David Lynch (Was Briefly on Tinder)

Wikipedia Poem, No. 503

“To keep silent and act wise—still not as good as drinking sake, getting drunk and weeping” Ōtomo no Tabito

attached via ligaments
the helmsman who
helped your mother
into her tail for centuries

pairs off domestic pigeons
to brake and steer men
with vast attachments
to long lost lovers

lynch does the same
packing each scene
with centuries of fat and muscle
which formerly surrounded buried bones

the helmsman has rectrices
and is absent from the song’s brief, luminous life

Wikipedia Poem, No. 330

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“eventually / even scorched earth goes green though beneath it // the dead might still luxuriate in their rage my ancestor / was a dervish saint” Kaveh Akbar

 

luxure obsolete
from the whistling verb
float

rather the 1660s relay
reluctance lasting and
first attested sometime around

1661 lather reluctantly wrestle
stains see related lasciviousness
lust 1520 screams obsolescence

the verb first fury related
which attests sometime
in 1660 the king burns grace

which is reluctance latin relates
60 pounds of cake perhaps shake
shares a common origin with the greek lygos

pliant twig luxurie debauchery
dissoluteness lust 12c modern french
luxurie debauchery dislocated

arm relate the 1660s relate
14c lasciviousness leathered up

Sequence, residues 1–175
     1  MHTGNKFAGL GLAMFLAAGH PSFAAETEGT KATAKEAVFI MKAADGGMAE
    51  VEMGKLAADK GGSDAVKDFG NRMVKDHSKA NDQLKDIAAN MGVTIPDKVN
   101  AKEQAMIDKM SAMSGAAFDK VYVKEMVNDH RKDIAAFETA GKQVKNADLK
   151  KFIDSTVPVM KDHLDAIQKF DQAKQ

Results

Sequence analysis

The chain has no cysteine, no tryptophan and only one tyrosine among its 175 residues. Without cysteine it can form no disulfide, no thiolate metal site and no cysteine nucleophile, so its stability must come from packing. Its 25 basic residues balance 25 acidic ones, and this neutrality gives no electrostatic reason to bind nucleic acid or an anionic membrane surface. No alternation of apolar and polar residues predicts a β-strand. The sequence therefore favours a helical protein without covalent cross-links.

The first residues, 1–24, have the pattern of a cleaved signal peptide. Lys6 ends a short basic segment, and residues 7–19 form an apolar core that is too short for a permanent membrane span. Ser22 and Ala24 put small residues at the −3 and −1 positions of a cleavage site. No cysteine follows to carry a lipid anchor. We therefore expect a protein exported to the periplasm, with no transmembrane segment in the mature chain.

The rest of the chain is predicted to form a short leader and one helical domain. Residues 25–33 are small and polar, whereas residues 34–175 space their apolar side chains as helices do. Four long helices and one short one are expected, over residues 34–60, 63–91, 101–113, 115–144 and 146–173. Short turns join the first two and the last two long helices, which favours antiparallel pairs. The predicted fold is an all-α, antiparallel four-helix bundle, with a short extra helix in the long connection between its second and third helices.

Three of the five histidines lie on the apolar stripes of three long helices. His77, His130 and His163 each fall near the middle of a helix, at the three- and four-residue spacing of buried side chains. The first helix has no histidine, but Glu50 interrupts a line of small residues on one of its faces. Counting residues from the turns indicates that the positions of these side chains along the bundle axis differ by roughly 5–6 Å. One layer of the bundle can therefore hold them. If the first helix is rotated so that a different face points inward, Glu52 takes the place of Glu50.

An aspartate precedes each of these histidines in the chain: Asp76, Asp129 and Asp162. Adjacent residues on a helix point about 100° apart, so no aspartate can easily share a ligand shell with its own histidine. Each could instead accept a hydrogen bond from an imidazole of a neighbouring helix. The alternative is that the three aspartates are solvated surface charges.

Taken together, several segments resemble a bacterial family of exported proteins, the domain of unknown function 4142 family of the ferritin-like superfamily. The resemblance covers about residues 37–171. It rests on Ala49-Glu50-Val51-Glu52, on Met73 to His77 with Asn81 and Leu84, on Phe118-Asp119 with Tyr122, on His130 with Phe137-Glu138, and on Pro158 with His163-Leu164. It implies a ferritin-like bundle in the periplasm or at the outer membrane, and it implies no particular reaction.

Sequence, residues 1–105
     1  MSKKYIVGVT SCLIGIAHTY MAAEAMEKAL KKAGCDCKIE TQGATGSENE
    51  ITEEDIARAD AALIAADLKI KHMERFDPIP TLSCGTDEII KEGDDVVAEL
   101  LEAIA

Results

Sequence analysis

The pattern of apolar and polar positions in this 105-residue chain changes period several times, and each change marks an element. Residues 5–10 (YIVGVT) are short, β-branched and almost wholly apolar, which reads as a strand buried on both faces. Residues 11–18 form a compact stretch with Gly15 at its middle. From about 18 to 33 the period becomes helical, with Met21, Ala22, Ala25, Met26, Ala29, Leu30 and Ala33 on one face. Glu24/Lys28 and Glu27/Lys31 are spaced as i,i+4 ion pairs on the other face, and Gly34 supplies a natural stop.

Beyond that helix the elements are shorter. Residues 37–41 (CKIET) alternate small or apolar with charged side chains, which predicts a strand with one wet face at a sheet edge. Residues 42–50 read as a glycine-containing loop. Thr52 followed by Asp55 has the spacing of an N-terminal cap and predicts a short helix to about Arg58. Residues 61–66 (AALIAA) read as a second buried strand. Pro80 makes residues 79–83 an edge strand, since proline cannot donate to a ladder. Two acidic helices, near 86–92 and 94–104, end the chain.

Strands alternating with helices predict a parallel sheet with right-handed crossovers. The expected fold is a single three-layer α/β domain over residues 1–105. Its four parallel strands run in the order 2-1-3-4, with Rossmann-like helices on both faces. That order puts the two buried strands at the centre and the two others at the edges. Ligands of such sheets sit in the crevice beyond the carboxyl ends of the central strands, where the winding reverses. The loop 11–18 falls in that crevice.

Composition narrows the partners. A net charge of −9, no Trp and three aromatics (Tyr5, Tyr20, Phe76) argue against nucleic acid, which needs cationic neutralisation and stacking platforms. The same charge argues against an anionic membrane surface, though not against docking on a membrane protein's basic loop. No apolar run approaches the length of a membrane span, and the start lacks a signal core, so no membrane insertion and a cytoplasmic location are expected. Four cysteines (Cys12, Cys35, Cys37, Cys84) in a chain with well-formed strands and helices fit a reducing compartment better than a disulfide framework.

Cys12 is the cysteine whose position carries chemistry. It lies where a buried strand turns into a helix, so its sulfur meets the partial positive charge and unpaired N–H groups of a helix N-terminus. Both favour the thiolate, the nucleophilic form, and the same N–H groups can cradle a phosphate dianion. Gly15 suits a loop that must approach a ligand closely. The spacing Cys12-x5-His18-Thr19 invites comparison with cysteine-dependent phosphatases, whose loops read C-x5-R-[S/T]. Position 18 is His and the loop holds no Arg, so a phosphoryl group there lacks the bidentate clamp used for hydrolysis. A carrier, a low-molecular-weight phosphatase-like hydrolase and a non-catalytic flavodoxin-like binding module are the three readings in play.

in reluctant magnificence

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Excerpt from Kaveh Akbar’s “River of Milk” used without permission, but with unconditional love, from the Poetry Foundation.

Wikipedia Poem, No. 329

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“…there are too many supermarkets, with too many cashiers.” Mark Halliday

          passion passion passion passion passion 
      passion 
          passion 
latin a hostile sense
passion passion 
      passion passion passion passion passion passion passion passion passion passion 
    passion passion 
passion 
        passion 
passion passion passion 
passion passion passion passion passion passion 
      passion passion passion passion 
   passion passion passion passion passion passion 
passion passion passion passion 
passion 
         passion passion 
passion passion 
passion 
passion passion passion passion passion 
anti breathes anemos 
  passing passion passion passion passion 
passion passion passion 
passion passion

Wikipedia Poem, No. 265

wiki265

“Vex thyself not through all thy wanderings, / through all thy vagrant course from land to land / Vex thyself not, if but there be to hand / A hut, a fire for warmth, and simple things / For food—a cake, kneaded from trough of stone / Relished with mint or thyme, or salt alone.” Leonidas

 

prefer to discuss who disgusts
one avoid this phrase as a mewet
on the gibbous moon of dry ink

distinction as plosive implies third eye
and creative nasal cones deflect áphōnon
one avoids this phrase altogether in order to prefer

one must not call an unreleased burst plosive
through sounds inaccurate one doesn’t know where one
comes from nor does one particularly matter

 

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Source: Dudley, Donald R. “A History of Cynicism from Diogenes to the 6th Century A.D.” London: Methuen, 1937. Print. Page 115.